But then I made a disastrous financial decision which left me struggling to pay for food and the trip from my apartment to work. And I was taking more and more painkillers. And my boss took me to lunch to discuss my performance and his disappointment in it. And. And . . . I was still hallucinating, more so with each pill I took. And on my thirtieth birthday, I started hearing voices come out of the air conditioner.
I won't go into details but I spent ten days crazy in Phnom Penh, before my family and US embassy personnel managed to get me on a plane back to the United States. After another week of adventures and a brief stint in hospital in Oregon, I ended up in New York City where I was finally, and properly, hospitalized. Luckily, the nursing staff was very liberal with their allowance of printer paper and pen, because I spent most of the six weeks I was there writing.
It's now 2021, 18 years after my initial psychotic break, and almost 10 years after my episode in Phnom Penh. I've struggled with alcohol and substance abuse, taking me into four suicide attempts and a long bout of what I've determined was situational depression. I've lived with my mother and siblings and their families. I've quit numerous jobs. I've been up and I've been down. But through it all, I kept writing.
In 2019 I finished my 14th novel. It's only finished in the first draft and I recently read it. While the plot and character development are good, the writing itself is a disaster. At the time I wrote it I was in the process of adjusting my meds. I got rid of the anti-depressants that I had determined were leading me to brain fog and avolition, and reduced my antipsychotics to the point where i was on the verge of a crisis. Thankfully the doctor intervened in time. All the while I was writing.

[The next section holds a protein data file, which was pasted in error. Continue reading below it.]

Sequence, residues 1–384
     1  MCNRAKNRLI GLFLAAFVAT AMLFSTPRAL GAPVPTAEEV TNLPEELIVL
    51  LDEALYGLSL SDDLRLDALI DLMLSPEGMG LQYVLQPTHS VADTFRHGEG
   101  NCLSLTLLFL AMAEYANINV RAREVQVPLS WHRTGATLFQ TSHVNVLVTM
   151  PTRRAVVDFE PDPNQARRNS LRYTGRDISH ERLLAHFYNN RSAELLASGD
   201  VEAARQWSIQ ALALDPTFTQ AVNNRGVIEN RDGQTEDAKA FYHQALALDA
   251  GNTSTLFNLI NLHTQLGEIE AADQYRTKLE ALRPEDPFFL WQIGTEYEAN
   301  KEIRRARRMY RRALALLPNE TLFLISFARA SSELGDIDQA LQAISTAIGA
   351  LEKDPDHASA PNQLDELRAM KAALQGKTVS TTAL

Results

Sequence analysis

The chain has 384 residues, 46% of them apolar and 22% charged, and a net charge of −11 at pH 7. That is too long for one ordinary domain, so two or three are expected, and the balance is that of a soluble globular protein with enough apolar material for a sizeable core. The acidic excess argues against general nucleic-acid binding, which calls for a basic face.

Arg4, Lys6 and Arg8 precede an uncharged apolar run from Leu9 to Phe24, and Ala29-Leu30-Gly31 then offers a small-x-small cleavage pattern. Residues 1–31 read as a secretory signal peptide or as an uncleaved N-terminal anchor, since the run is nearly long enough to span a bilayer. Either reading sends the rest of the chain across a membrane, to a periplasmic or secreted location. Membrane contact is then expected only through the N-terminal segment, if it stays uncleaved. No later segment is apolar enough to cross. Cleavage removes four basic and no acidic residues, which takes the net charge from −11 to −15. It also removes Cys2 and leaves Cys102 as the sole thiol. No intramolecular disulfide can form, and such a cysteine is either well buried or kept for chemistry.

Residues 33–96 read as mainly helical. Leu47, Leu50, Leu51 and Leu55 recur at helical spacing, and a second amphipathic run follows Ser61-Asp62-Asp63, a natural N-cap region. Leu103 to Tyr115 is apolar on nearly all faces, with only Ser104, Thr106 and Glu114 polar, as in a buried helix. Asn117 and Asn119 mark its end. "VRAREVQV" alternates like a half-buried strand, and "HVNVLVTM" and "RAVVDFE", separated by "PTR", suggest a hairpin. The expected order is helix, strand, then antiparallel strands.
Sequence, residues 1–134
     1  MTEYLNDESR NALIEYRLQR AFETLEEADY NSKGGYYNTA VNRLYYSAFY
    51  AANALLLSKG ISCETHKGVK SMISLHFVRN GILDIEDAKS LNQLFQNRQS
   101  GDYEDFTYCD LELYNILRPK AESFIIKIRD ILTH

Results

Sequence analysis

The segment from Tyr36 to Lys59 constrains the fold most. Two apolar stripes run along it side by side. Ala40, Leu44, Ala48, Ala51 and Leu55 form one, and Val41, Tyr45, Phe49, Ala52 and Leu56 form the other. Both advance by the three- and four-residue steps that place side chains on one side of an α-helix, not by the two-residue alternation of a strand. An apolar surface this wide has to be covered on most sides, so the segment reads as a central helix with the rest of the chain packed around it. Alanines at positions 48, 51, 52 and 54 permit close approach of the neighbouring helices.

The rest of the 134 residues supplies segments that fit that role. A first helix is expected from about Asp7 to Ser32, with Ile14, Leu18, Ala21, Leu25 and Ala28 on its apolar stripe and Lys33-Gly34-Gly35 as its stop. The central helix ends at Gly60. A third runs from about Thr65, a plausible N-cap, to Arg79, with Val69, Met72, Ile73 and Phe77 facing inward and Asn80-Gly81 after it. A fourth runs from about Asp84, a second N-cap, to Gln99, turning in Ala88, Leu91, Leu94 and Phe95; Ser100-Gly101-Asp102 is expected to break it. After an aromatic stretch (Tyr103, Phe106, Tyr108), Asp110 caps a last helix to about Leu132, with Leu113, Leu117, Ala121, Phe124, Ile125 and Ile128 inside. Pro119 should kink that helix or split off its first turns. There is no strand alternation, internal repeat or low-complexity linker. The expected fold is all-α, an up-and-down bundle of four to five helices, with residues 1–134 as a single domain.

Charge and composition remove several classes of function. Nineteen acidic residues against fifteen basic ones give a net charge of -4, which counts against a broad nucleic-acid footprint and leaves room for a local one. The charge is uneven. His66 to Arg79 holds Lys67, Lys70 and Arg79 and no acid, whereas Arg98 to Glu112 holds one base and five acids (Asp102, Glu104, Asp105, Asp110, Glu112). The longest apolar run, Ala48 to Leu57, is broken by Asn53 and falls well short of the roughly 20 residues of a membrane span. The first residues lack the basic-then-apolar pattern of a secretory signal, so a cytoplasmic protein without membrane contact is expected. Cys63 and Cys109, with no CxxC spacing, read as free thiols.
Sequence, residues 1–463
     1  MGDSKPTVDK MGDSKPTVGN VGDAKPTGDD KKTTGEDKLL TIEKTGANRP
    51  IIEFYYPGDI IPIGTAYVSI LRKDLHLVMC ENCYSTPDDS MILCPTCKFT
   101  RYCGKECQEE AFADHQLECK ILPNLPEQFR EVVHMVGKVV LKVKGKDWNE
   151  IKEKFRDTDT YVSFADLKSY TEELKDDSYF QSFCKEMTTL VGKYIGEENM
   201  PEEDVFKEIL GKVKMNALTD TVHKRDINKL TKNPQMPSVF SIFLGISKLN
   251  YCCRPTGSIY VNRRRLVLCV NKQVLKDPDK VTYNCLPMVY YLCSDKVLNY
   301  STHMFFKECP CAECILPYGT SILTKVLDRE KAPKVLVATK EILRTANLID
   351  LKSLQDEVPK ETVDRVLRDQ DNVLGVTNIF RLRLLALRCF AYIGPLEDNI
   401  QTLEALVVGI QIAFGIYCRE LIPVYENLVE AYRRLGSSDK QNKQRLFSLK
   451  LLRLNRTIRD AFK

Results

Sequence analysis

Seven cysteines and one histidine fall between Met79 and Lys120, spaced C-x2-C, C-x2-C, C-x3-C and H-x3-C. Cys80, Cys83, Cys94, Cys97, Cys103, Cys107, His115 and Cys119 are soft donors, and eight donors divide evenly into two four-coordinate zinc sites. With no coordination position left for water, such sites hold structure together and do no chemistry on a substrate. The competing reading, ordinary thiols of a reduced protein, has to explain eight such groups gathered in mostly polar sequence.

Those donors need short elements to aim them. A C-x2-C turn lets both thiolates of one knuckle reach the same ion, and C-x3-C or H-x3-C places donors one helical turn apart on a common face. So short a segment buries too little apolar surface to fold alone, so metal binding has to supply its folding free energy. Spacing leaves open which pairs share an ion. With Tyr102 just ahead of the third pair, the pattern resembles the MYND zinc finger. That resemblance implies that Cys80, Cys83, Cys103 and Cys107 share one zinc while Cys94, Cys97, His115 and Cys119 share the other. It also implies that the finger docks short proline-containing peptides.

But I wasn't editing, nor marketing, nor properly submitting to publishers and agents. I was only writing. Novel after novel. I wasn't doing the specific things necessary to actually get published. That changed in the last twelve months.
Prompted by my near crisis last year and the anxiety that I was experiencing, I began therapy with a counselor through an online platform. We worked for six months on changing my locus of control from a victim of mental illness to an actor capable of determining my own actions and the course of my life. I developed the ability to examine my distorted thinking, changed my sleep cycle, and stopped thinking that every change in mood was a symptom of my illness. And as I began to come out of my victimhood I continued to write.
I finished novel 15 last fall. Without the anti-depressants and with a new perspective, it's quality. I've edited it. I'm now in a writers group comprised of other writers who give me constructive feedback that allows me to improve my writing chapter by chapter. I've carefully compiled a list of agents who represent similar works or have expressed interest in similar themes as my novel and I've submitted to 29 of them. I got my first rejection the other day and for the first time it consisted of an actual response, not a canned form letter. I'm hopeful that this time I can move from just writing to publication.
Writing, then, has helped my mental health, but my mental health has helped my writing. The two are connected intrinsically, one leads to the other leads back to the first. It's a loop that continues to improve and with each passing day,, I intend to continue this virtuous cycle.